M A R C H 1 9 7 3
ONE measure of a movie's quality is to ask yourself what you retain from it years after seeing it. The answer, for me, for Gone With the Wind is -- "not much": Gable busting down Scarlett's door (and his walkout at the end), that great pullback revealing the wounded stretched out as far as the lens can see in the Atlanta station, and ... and ... little else. The things that make memorable less prestigious movies that I saw around the same time -- unforgettable imagery, dialogue that forever implants itself in mind -- are simply not present in GWTW.
Nor does it satisfy my other rule of thumb about popular art (we do understand, don't we, that we are not discussing Capital A Art?), which is the strength of one's desire to see the thing again. In my case, it is minimal. To be sure, I was too young to be infected by the mass fervor that Margaret Mitchell's novel generated, and I missed out on Selznick's great publicity gimmick, inviting the public to make known its notions for casting the leads. Still, by the time I saw the film in re-release in the late forties, it had become a legend as Hollywood's longest, costliest, most successful sound movie (the silent Birth of a Nation may have outgrossed it; the records for it are in disarray), so my expectations were very positive. And, on the whole, I thought the picture was OK.
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But no more than that. Why? Well. frankly, my dear, I didn't (and don't) give a
damn about the South's yokel notion that it once supported a new age of
chivalry and grace. The historical evidence for that contention is slight, and
even if such an age had actually flowered, it had no place in America. So I
never could join Miss Mitchell in mourning the era gone with her wind, which
seemed to me far from an ill wind.
Worse, the movie itself seemed to me curiously lifeless -- mostly talk, and very flowery talk at that. That, I think, is because it reflected not an artist's sensibility but a producer's. Selznick's recently published memos reveal him obsessed with making a film as literally faithful to the novel as possible, and to this end he platooned screenwriters in and out of the project, nudging and fussing over the script, motivated, it would seem, less by any very expansive vision of what the finished work might be than by fear that the public would reject it if he tampered too extensively with their beloved trash. Along the way George Cukor, a good director whose gifts were such that he might have made something strong and genuine out of the emotions afloat in this property, was replaced by the cruder Victor Fleming. Selznick, whose devotion to literacy was largely self-proclaimed (in Hollywood in those days anyone who could read more than two pages without straining was like the one-eyed man in the blind kingdom) and belied by a career-long devotion to talky kitsch drawn from such mighty pens as those of Niven Busch, Robert Nathan, or in his own stable, Ben Hecht, busied himself with his insufferable memos, fretting over such trivia as sets, costumes, and makeup and guaranteeing that men of independence would not stay long at his side. The result was a film entirely worthy of its source -- glossy, sentimental, chuckle-headed -- not one that would transcend, as have so many that have been pulled from literature's bottom drawers, the original work.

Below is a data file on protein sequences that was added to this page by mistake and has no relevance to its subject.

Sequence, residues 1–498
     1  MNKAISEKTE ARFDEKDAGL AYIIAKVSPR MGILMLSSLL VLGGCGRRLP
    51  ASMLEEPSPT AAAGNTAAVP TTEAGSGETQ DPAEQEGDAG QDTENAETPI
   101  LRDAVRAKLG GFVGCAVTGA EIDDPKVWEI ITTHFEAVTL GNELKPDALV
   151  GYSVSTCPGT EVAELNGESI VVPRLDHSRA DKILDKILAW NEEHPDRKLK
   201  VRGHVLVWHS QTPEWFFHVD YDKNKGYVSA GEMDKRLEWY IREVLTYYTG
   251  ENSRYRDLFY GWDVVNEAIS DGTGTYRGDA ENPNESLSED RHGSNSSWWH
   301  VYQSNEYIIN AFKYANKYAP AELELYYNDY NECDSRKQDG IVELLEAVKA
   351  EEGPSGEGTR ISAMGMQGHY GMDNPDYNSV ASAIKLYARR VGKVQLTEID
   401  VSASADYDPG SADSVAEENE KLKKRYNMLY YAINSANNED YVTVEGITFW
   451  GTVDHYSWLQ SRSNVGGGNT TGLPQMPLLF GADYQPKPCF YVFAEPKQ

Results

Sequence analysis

Selznick was intelligent enough to see that success depended on a sober acceptance of the popular notion that GWTW was a serious, important work. But there were many in the town then who could have managed that just as uncynically as he did. And some of them were capable of making movies that were what GWTW never was -- deep-down fun. On the whole I guess I wish that someone like Cecil B. De Mille had taken it on -- no "taste," plenty of action and operatic emotion. But it's not important, unless you're writing a social history of Hollywood. Or a commercial history. Gone With the Wind simply has nothing to do with that other, more important kind of history -- the history of art.
Copyright © 1973 by Richard Schickel. All rights reserved.
The Atlantic Monthly; November 1973; "Glossy, Sentimental, Chuckle-headed"; Volume 231, No. 3; page 71.